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False Killer Whale (Pseudorca)

Discovered in 1861

Order: Cetacea

Suborder: Odontoceti

Superfamily: Delphinoidea

Family: Delphinidae

Subfamily: Globicephalinae

Genus & Species: Pseudorca crassidens


The false killer whale is a small porpoise closely resembling the pilot whale, its close relative. They are rather small compared to other cetaceans, the males growing to 19 ft (5.7 m) in length, and the females growing to the slightly smaller length of 16.3 ft (4.9 m). They weigh 1.1-2.2 tons. False killer whales are completely black in colour, although some may have a grey patch shaped like an anchor that extends from the lower jaw to the naval and flippers. The black head may look pale grey in certain lights. The calves are light grey at birth. The body is very slender and streamlined and gradually slopes down from the blowhole to the tip of the snout, creating an almost indistinguishable beak. The lower jaw ends well before the end of the snout. The dorsal fin is smaller than that of the killer whale and is hooked at the rounded tip. The tail flukes are small in relation to the body and have a distinct notch in the middle. The pectoral fins are also small and taper to a point. A unique "elbow" is located at the middle of these fins, which are positioned very close to the head. The false killer whale has large, conical teeth, 16-22 on each jaw. They are 3/4 in. in diameter at the gum line.

False killer whales are fast, active swimmers. They are very intelligent and highly trainable, which is why they are displayed in many marine parks.


False killer whales are found in the deep tropical, subtropical, and warm temperate waters throughout the world, although they are not especially abundant anywhere. They prefer warmer, offshore waters, and are suspected to migrate from north to south with the seasonal warming and cooling of the waters. They have been found in the Red Sea, Mediterranean Sea, Gulf of Mexico, and off Australia, Britain, Denmark, Florida, and Texas. They have been found as far north as Alaska.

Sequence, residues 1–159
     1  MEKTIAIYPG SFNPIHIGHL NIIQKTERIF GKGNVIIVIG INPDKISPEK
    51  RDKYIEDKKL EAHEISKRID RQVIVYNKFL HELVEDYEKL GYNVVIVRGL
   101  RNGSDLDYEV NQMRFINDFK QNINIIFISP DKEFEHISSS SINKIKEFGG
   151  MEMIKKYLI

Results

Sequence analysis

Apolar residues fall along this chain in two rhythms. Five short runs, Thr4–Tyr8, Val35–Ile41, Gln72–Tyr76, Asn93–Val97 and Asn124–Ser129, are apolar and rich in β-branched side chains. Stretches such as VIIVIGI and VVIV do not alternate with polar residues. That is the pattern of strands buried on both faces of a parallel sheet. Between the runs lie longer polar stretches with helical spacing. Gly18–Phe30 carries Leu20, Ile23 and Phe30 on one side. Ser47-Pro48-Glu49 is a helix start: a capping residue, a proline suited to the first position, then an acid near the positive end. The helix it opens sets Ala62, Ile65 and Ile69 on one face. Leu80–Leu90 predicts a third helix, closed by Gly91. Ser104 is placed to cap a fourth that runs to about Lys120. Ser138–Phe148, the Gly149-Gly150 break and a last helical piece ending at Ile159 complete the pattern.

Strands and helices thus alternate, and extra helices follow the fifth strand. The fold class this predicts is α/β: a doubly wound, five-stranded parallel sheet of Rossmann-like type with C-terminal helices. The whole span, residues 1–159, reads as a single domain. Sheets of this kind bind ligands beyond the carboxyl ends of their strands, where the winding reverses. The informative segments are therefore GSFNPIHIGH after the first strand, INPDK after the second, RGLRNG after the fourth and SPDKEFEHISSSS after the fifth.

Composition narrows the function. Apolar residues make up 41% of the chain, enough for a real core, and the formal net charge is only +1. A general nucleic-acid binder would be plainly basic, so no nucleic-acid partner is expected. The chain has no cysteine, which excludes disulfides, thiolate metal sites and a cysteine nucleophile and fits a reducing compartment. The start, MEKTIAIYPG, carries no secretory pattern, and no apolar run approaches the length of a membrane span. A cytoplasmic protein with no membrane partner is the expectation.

False killer whales travel in groups called pods consisting of 10-50 individuals, although pods of several hundred have been recorded. They are well known for mass strandings, over 100 stranding in Florida once and 800 stranding at another time. Despite help from volunteers, they will refuse to turn back to the ocean, and will eventually die. The reason for these strandings is not clear.


The false killer whale feeds mainly upon squid, octopus, and cuttlefish, as well as fish such as cod. They have also been known to feed upon marine mammals.


False killer whales have few known enemies. In the United Kingdom they have been killed by whalers to be stripped of their blubber or to be turned into fertilizer. Entanglement in fishing nets also pose as a problem.


The breeding habits of the false killer whale are poorly understood. The breeding season is thought to be year round, with sexual maturity reached at a length of 12-14 ft (3.6-4.2 m). The calf (rarely calves) is born with a length of 5-6 ft (1.5-1.8 m), and a weight of 175 lbs (80 kg).


The false killer is a relatively new animal to scientists. It was unheard of before 1846, when a half-fossilized skull of one was uncovered in the Lincolnshire fens. Sir Richard Owen gave it its name as the skull resembled that of the killer whale. In 1861, the first live false killers were found in Kiel Bay by some whalers. They tried to capture the creatures, but succeeded only in trapping 40 and killing 1. A year later 3 were found stranded in Denmark. Ever since, they have turned up in many places and are quite common.


The false killer whale is known as a blackfish along with its closest relatives, the pygmy killer whale, killer whale, melonheaded whale, and the short-finned and long-finned pilot whales.


1. Funk & Wagnall's Wildlife Encyclopedia, "False Killer Whale" pg 713, vol 6, USA, 1974, BPC Pub Ltd
3. whalesspecies/falsekillerwhale.html